What to Do When My Legs Hurt after Running?

legs are sore after running
If you feel pain or discomfort in your legs after a long or even short run, it's normal in most cases. It is not difficult to get rid of leg pain after jogging, just don't be lazy and do a few simple routines.

Running is a fantastic way to stay fit and healthy, but sometimes our legs can feel sore and achy after a long run.

We’ll explore some practical tips and techniques to help alleviate leg pain after running, allowing you to bounce back and enjoy your next run pain-free.

Rest and Recovery

The first and most crucial step in dealing with leg pain after running is allowing your body sufficient time to rest and recover. Resting helps reduce inflammation and prevent further muscle damage. Opt for lighter activities like stretching, yoga, or swimming to keep your body moving without putting excessive strain on your legs. Aim for 1-2 days of complete rest between intense running workouts.

Ice Therapy

Applying ice to your sore muscles is an effective way to reduce inflammation and numb the pain. Use an ice pack or a bag of frozen vegetables wrapped in a towel and gently massage the affected area for 15-20 minutes. Repeat this process every 2-3 hours within the first 24-48 hours after running.

Compression Therapy

Wearing compression socks or calf sleeves can improve blood circulation, reducing muscle soreness and promoting faster recovery. Compression garments apply gentle pressure to the legs, which can help prevent swelling and reduce discomfort. Consider using these during and after your runs to support your muscles and ease leg pain.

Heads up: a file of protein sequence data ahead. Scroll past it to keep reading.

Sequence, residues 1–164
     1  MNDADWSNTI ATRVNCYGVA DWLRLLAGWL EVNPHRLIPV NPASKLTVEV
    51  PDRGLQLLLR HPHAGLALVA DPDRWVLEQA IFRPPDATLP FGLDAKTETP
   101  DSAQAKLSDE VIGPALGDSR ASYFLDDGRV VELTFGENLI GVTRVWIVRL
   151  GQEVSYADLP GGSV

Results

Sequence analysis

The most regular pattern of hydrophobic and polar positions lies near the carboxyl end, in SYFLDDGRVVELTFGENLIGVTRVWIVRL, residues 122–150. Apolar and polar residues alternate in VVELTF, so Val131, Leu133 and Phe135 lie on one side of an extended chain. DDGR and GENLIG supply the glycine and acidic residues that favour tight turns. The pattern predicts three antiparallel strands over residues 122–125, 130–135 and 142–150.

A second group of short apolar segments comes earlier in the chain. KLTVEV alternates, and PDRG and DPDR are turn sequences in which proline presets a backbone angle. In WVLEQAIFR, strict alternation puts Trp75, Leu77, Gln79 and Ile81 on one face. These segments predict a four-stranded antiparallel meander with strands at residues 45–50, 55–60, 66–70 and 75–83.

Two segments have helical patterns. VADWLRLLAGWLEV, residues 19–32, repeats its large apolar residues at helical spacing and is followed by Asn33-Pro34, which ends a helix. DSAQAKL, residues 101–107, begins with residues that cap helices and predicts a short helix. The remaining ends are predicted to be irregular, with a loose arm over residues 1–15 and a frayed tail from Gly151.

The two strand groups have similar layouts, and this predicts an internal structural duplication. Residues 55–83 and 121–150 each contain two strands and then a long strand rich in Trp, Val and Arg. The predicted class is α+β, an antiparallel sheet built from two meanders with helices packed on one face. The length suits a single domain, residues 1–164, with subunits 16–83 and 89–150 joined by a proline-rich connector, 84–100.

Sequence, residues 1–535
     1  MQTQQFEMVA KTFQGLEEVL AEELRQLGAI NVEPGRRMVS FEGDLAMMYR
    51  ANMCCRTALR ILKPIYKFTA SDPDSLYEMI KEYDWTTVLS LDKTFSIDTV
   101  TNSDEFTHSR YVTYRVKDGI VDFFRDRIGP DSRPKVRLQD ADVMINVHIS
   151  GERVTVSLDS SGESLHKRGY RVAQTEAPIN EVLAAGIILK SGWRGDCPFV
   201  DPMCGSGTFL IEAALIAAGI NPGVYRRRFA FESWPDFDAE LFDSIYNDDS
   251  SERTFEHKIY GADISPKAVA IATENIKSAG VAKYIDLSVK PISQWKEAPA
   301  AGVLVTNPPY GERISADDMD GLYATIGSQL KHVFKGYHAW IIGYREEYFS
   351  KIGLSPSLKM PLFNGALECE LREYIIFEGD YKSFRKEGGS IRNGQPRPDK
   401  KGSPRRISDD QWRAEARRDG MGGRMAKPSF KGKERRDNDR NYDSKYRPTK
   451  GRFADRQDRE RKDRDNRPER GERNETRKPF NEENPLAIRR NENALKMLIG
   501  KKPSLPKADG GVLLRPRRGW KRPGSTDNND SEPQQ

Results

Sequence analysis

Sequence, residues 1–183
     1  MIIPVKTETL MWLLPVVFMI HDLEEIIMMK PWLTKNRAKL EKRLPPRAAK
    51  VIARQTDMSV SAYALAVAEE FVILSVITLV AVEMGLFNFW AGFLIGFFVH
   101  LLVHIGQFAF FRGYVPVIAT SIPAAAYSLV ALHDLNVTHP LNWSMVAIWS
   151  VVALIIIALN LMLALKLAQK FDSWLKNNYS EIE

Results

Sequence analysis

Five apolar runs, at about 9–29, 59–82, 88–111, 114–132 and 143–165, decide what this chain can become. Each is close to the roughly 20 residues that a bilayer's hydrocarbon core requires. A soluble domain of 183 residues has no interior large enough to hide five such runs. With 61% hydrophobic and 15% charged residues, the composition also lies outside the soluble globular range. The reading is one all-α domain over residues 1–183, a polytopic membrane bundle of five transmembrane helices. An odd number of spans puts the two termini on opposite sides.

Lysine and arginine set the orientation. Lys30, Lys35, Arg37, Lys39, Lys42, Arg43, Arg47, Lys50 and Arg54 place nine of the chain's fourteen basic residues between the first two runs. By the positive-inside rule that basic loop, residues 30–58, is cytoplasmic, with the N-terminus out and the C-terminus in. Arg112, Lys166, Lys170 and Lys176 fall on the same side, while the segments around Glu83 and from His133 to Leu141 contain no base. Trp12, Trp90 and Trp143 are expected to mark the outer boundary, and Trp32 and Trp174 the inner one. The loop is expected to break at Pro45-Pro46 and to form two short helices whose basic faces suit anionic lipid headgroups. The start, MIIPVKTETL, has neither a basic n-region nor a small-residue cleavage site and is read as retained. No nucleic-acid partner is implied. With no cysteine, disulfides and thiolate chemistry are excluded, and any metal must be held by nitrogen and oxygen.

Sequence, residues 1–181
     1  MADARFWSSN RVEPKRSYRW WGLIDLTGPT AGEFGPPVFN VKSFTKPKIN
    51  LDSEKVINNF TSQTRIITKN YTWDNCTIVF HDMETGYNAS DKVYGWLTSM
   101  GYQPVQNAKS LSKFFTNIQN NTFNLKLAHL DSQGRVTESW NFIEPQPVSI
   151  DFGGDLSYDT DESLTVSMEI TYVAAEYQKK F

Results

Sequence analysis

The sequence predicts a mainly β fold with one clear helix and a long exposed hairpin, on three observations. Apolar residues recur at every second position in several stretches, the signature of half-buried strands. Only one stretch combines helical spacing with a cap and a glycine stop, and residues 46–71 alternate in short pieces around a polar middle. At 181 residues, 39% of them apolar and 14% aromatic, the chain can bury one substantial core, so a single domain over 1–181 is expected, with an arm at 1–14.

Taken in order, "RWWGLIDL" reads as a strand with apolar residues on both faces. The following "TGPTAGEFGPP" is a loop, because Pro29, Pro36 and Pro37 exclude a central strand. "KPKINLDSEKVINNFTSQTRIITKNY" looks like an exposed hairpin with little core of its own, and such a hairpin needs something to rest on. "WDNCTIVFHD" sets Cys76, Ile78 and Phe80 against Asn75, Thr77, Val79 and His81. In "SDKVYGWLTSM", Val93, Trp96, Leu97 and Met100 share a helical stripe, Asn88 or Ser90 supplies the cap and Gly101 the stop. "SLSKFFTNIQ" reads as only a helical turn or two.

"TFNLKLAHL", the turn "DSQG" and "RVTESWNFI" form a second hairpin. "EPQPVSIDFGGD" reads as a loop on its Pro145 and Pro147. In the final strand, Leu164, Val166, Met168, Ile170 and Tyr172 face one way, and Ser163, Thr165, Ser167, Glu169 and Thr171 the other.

Information verified by the iytmed.com team.

Gentle Stretching

Engaging in light and gentle stretching exercises can help relieve leg pain and prevent the onset of muscle tightness. Focus on stretching your calves, quadriceps, hamstrings, and hip flexors. Hold each stretch for 20-30 seconds and repeat 2-3 times on each leg. Remember not to bounce while stretching and never push your muscles past the point of discomfort.


Elevating your legs above your heart level can help reduce swelling and improve blood circulation. Prop your legs up on a couple of pillows or sit on a raised surface with your legs straight out in front of you. Aim for 15-20 minutes of elevation several times a day to reduce leg pain and promote faster healing.

Pain Medication

If the pain persists or becomes too unbearable, over-the-counter pain medications such as ibuprofen or acetaminophen can help provide temporary relief. However, it’s always best to consult a healthcare professional before taking any medication to rule out any potential allergies or interactions.

Gradual Progression

One of the most common causes of leg pain after running is overexertion or excessive training. Make sure to gradually increase your running distance and intensity to allow your legs to adapt and become stronger over time. Pushing yourself too quickly can lead to overuse injuries and prolonged pain.


Experiencing leg pain after running is not uncommon, but with proper care and attention, you can alleviate the discomfort and get back to running pain-free. Remember to listen to your body, allow for adequate rest and recovery, and utilize the techniques mentioned above. By taking care of your legs, you’ll be able to continue enjoying the many benefits of running for years to come.

Reyus Mammadli

As a healthy lifestyle advisor I try to guide individuals in becoming more aware of living well and healthy through a series of proactive and preventive measures, disease prevention steps, recovery after illness or medical procedures.

Education: Bachelor Degree of Medical Equipment and Electronics.

Health Recovery Tips
Add a comment